Prospective studies are needed to confirm this theory. Patients should be informed of the rare but potential risk when this technique of tissue extraction is used.
While the final word on the topic of power morcellation has not been spoken, physician experience and informed patient consent are of critical importance. Surgeons should also familiarise themselves with other techniques of tissue extraction, especially in cases where the diagnosis of benign leiomyomata is less certain.
Consent. Our patient provided written consent for publication of this case report.
1. Hardman WJ 3rd, Majmudar B. Leiomyomatosis peritonealis disseminata: Clinicopathologic analysis of five cases. South Med J 1996;89(3):291-294. [http://dx.doi.org/10.1097/00007611-199603000-00006]
2. Halama N, Grauling-Halama SA, Daboul I. Familial clustering of leiomyomatosis peritonealis disseminata: An unknown genetic syndrome? BMC Gastroenterol 2005;5:33.
3. Ordulu Z, Dal Cin P, Chong WW, et al. Disseminated peritoneal leiomyomatosis after laparoscopic supracervical hysterectomy with characteristic molecular cytogenetic findings of uterine leiomyoma. Genes Chromosomes Cancer 2010;49(12):1152-1160. [http://dx.doi.org/10.1002/gcc.20824]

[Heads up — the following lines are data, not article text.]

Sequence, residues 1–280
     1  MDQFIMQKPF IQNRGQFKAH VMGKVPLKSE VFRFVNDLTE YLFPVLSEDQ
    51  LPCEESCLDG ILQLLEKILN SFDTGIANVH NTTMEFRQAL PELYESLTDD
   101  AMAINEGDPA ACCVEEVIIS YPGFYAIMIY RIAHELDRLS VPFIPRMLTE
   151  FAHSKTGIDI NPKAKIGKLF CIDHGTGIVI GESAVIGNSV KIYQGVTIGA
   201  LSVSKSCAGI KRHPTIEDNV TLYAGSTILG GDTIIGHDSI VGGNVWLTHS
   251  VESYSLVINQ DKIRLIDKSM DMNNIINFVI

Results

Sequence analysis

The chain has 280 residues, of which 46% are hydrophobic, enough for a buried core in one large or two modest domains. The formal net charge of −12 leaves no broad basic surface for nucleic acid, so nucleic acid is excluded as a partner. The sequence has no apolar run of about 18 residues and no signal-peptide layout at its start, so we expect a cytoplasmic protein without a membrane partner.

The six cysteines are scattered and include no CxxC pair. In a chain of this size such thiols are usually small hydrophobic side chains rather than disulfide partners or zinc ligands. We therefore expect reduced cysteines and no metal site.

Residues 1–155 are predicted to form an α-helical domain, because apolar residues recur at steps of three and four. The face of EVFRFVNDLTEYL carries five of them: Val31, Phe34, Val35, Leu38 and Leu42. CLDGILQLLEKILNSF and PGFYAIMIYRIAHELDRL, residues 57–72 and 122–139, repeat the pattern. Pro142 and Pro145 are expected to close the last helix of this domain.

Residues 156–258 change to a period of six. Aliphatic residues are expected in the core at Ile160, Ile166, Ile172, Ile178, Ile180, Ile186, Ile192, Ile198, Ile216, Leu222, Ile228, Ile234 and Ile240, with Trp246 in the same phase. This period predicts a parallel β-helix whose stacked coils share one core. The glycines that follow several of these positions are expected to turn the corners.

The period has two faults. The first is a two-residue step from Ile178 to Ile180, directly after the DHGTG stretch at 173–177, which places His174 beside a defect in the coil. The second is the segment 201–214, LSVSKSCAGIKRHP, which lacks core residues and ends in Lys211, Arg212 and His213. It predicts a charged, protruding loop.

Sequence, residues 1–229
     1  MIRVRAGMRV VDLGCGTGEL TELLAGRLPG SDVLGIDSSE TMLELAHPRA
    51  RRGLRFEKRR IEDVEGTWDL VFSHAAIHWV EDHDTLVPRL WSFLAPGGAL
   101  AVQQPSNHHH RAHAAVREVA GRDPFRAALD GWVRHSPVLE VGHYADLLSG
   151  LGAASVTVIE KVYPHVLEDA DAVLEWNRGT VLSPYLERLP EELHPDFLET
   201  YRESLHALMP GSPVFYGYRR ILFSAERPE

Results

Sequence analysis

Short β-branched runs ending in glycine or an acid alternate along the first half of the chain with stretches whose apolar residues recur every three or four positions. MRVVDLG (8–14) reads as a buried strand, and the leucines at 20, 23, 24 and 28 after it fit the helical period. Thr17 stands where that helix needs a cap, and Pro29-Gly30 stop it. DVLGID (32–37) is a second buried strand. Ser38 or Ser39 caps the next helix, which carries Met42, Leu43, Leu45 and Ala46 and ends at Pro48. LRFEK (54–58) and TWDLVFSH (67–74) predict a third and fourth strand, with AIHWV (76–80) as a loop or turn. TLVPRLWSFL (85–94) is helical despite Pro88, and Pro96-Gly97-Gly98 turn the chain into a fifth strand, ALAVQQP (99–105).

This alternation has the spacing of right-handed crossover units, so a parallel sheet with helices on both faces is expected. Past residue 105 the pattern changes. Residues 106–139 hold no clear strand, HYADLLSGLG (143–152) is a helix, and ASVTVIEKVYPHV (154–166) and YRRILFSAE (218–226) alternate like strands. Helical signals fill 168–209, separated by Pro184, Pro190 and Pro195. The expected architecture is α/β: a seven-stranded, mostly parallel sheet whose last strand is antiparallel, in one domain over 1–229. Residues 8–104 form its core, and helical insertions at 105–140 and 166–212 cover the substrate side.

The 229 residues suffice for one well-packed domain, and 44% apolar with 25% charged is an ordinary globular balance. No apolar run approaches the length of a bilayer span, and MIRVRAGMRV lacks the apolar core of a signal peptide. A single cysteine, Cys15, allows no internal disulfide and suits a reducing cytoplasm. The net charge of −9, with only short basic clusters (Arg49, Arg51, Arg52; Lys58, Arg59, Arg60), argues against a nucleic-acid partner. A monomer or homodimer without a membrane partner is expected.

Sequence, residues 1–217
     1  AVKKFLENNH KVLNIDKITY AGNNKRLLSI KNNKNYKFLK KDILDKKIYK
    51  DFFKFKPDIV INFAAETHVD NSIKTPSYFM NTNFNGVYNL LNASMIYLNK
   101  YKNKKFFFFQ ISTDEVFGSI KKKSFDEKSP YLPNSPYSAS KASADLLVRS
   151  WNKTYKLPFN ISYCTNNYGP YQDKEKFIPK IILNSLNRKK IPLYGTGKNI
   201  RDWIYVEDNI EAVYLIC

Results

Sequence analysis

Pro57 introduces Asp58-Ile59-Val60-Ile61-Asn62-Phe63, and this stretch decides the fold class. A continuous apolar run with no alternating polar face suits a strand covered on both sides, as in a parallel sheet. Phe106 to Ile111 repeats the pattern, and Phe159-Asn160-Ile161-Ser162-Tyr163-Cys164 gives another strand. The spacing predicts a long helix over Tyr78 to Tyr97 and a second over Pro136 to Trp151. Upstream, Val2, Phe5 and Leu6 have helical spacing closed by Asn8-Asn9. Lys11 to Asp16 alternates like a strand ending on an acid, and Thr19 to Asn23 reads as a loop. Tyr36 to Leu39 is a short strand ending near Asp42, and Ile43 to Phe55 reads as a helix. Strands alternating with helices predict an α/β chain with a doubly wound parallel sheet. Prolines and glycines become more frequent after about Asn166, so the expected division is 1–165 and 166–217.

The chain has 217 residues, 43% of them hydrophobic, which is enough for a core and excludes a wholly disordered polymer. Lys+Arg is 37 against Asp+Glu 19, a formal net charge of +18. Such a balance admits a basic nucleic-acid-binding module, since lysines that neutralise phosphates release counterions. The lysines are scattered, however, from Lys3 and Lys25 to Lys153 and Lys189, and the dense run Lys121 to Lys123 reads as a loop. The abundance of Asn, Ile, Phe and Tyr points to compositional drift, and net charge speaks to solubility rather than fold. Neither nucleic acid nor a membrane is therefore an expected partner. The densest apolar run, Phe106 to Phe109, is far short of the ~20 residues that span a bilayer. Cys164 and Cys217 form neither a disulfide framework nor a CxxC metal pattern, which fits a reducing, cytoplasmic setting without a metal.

4. Vaquero ME, Magrina JF, Leslie KO. Uterine smooth-muscle tumors with unusual growth patterns. J Minim Invasive Gynecol 2009;16(3):263-268. [http://dx.doi.org/10.1016/j.jmig.2009.01.013]
5. Seidman MA, Oduyebo T, Muto MG, Crum CP, Nucci MR, Quade BJ. Peritoneal dissemination complicating morcellation of uterine mesenchymal neoplasms . PLoS One 2012;7(11):1-8. [http://dx.doi.org/10.1371/journal.pone.0050058]
6. Takeda A, Mori M, Sakai K, Mitsui T, Nakamura H. Parasitic peritoneal leiomyomatosis diagnosed 6 years after laparoscopic myomectomy with electric tissue morcellation: Report of a case and review of the literature. J Minim Invasive Gynecol 2007;14(6):770-775. [http://dx.doi.org/10.1016/j.jmig.2007.07.004]
7. AAGL Tissue Extraction Task Force: Morcellation during uterine tissue extraction. May 2014. http://www.aagl.org/wp-content/uploads/2014/05/Tissue_Extraction_TFR.pdf (accessed 3 October 2014).
8. ACOG committee opinion: Power morcellation and occult malignancy in gynecologic surgery. May 2014. http://www.acog.org/~/media/Task%20Force%20and%20Work%20Group%20Reports/MorcellationSpecialReport.pdf (accessed 3 October 2014).
9. Lee R. Johnson & Johnson recalls hysterectomy power morcellator that may spread cancer. Tech Times, 31 July 2014. http://www.techtimes.com/articles/11735/20140731/johnson-johnson-recalls-hysterectomy-power-morcellator-that-may-spread-cancer.htm (accessed 3 October 2014).